Alaska false cypress Cupressus nootkatensis
Norway spruce
Picea abies
Picea abies ‘Inversa’
Picea abies ‘Pygmea’
White spruce
Picea glauca
Picea glauca ‘Pendula’
Picea glauca ‘Fort Ann’
Serbian spruce
Picea omorika
Shortleaf pine Pinus echinata
Eastern white pine
Pinus strobusThe Good
• Eastern white pine Pinus strobus
The Good
• Eastern white pine Pinus strobus
Eastern hemlock Tsuga canadensis
The Criteria
• The Bad
– Poorly adapted to typical environmental conditions
– One or more chronic pest issues
– Poor form or other characteristic requiring
maintenance
– Overused
Leyland cypress Cupressus ×leylandii
Dwarf Alberta spruce Picea glauca ‘Conica’
Reversion on dwarf
Alberta spruce
Blue spruce
Picea pungens
Cytospora canker of spruce (Valsa kunzei) on blue spruce (Picea pungens)
Joseph O'Brien, USDA Forest Service, Bugwood.org
cooley spruce gall adelgid (Adelges cooleyi) on blue spruce (Picea pungens)
Whitney Cranshaw, Colorado State University, Bugwood.org
Austrian pine Pinus nigra
Photo: Univ. Illinois Extension
Scots pine Pinus sylvestris
Zimmerman pine moth (Dioryctria zimmermani) on Scots pine (Pinus sylvestris)
Steven Katovich, USDA Forest Service, Bugwood.org
pine needle cast (Lophodermium pinastri) on Scots pine (Pinus sylvestris)
Petr Kapitola, State Phytosanitary Administration, Bugwood.org
Douglas-fir
Pseudotsuga
menziesii
Douglas-fir needlecast (Rhabdocline pseudotsugae) on Douglas-fir (Pseudotsuga menziesii)
USDA Forest Service Archive, USDA Forest Service, Bugwood.org
Eastern hemlock Tsuga canadensis
The Criteria
• The Underused
– Fit the criteria for ‘The good’ (well adapted, good
form. Few pests)
– Not widely planted
Korean fir Abies koreana
Abies
Abies koreana ‘Blue cones’
Abies koreana ‘Silberlocke’
Nordmann fir
Abies nordmanniana
Taiwanese
incense-cedar
Calocedrus formosa
Keteleeria Keteleeria davidiana
Dawn redwood Metasequoia glyptostraboides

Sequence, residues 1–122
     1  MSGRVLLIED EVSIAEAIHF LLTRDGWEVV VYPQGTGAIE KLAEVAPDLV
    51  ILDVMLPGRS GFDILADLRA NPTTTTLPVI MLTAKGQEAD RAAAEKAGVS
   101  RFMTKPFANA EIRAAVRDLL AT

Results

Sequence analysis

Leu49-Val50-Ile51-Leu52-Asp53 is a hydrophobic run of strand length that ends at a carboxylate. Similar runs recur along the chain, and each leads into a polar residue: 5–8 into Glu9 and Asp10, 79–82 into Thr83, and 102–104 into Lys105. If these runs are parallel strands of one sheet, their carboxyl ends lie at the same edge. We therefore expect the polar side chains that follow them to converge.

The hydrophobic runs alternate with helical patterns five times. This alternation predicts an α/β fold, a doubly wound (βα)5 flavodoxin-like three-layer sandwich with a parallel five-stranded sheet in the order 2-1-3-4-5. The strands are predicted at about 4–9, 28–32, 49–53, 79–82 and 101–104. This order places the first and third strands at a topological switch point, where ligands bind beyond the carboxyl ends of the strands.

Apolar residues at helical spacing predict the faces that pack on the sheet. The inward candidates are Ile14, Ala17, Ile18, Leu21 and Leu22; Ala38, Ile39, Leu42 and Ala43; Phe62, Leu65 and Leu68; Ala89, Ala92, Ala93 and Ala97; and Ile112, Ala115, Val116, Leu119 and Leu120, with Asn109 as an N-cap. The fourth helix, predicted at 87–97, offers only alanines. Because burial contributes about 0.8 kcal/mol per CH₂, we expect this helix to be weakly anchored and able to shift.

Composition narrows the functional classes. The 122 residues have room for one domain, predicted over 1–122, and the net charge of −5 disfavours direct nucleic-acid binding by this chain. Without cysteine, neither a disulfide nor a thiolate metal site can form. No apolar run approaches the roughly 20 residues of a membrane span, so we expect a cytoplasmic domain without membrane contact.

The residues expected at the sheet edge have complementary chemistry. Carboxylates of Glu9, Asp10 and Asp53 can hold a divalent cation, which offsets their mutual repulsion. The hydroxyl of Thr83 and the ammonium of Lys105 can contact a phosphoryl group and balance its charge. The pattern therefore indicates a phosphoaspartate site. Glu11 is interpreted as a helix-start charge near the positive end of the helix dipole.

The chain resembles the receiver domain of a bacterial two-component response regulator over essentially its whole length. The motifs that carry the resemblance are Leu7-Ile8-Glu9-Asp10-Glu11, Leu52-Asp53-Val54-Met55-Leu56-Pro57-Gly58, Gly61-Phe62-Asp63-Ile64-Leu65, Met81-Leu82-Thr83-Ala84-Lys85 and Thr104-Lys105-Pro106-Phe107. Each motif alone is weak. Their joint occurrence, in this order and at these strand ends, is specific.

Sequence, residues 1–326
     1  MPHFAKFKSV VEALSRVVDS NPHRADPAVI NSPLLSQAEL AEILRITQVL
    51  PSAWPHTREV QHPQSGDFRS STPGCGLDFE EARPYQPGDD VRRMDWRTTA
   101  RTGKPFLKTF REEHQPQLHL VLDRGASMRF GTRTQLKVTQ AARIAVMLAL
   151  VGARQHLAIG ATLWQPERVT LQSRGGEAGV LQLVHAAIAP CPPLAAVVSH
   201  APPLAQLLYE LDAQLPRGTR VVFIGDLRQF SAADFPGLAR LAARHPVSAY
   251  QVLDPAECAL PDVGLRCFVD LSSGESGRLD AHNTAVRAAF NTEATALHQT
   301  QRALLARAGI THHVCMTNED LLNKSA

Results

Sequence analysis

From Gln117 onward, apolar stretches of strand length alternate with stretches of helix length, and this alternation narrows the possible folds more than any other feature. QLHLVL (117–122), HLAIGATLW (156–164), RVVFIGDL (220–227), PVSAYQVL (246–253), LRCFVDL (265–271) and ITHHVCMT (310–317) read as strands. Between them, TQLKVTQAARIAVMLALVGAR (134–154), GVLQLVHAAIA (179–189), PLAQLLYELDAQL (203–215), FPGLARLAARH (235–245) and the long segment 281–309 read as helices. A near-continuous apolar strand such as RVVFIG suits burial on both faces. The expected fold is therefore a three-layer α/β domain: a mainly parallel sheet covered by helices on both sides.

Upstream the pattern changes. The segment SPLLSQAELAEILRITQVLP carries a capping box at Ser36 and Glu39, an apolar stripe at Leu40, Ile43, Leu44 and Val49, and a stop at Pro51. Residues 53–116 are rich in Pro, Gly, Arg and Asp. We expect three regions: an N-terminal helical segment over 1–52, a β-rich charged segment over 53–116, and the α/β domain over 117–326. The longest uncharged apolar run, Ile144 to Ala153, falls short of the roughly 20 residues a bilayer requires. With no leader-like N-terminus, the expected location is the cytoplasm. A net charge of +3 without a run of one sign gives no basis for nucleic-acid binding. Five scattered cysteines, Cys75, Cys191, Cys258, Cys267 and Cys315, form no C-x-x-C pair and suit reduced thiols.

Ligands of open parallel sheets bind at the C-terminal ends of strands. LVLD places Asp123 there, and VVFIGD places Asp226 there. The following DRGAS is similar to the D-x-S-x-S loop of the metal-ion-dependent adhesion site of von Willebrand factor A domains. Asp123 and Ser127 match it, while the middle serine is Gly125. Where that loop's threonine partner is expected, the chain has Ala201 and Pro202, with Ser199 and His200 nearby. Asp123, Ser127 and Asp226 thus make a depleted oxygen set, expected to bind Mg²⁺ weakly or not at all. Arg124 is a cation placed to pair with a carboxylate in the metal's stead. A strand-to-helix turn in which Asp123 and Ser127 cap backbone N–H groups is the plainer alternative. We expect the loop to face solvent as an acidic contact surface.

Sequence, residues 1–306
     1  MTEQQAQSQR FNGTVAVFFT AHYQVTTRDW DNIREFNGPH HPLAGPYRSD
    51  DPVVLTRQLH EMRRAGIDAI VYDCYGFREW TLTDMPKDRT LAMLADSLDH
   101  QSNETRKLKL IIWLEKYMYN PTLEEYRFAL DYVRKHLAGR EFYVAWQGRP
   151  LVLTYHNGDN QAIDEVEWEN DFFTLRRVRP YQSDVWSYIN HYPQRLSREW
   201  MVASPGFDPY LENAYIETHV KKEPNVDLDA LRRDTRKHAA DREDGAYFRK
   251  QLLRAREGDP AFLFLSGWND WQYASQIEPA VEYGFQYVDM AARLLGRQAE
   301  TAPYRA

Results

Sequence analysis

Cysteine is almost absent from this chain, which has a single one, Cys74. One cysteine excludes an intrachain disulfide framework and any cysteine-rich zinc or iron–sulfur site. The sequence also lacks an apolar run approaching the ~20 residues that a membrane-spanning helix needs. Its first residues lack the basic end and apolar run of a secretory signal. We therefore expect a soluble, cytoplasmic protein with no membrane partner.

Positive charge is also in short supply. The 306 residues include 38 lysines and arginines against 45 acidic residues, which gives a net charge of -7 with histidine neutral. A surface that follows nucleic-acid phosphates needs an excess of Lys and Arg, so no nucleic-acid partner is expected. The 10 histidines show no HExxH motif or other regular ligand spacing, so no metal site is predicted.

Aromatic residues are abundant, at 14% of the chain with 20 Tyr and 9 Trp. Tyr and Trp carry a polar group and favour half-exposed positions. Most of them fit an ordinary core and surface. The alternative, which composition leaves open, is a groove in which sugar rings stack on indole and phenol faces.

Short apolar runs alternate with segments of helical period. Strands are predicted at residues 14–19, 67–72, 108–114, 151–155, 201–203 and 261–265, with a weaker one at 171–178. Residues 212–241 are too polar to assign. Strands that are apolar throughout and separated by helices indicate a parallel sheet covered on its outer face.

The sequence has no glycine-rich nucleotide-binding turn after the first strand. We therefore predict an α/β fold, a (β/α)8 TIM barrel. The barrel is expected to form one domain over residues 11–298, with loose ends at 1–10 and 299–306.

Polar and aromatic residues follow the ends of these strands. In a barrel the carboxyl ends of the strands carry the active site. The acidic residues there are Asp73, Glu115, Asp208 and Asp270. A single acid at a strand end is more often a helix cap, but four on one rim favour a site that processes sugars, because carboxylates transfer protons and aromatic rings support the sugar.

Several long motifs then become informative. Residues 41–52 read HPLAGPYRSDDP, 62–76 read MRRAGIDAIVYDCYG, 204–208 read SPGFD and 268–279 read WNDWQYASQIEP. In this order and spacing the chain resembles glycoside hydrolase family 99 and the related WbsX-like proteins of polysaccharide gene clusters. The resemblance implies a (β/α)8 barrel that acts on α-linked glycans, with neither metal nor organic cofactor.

Metasequoia glyptostraboides ‘Gold rush’
Oriental spruce Picea orientalis
Swiss stone pine
Pinus cembra
Pinus cembra ‘Chalet’
Korean pine
Pinus koraiensis
•Baldcypress
Baldcypress
Taxodium
Taxodium
distichum distichum
The Good
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Concolor fir Abies concolor
Deodar cedar Cedrus deodara
Cryptomeria Cryptomeria japonica
Alaska false cypress Cupressus nootkatensis
(Callitropsis nootkatensis)
(Chamaecyparis nootkatensis)
(Xanthocyparis nootkatensis)
Norway spruce Picea abies
White spruce Picea glauca
Serbian spruce Picea omorika
Shortleaf pine Pinus echinata
Eastern white pine Pinus strobus
Eastern hemlock Tsuga canadensis
The Bad
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Leyland cypress Cupressus ×leylandii
Dwarf Alberta spruce Picea glauca ‘Conica’
Blue spruce Picea pungens
Austrian pine Pinus nigra
Scots pine Pinus sylvestris
Douglas-fir Pseudotsuga menziesii
Eastern hemlock Tsuga canadensis
The Under-used
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Korean fir Abies koreana
Nordmann fir Abies nordmanniana
Taiwanese incense-cedar Calocedrus formosa
Keteleeria Keteleeria davidiana
Dawn redwood Metasequoia glyptostraboides
Oriental spruce Picea orientalis
Swiss stone pine Pinus cembra
Korean pine Pinus koraiensis
Baldcypress Taxodium distichum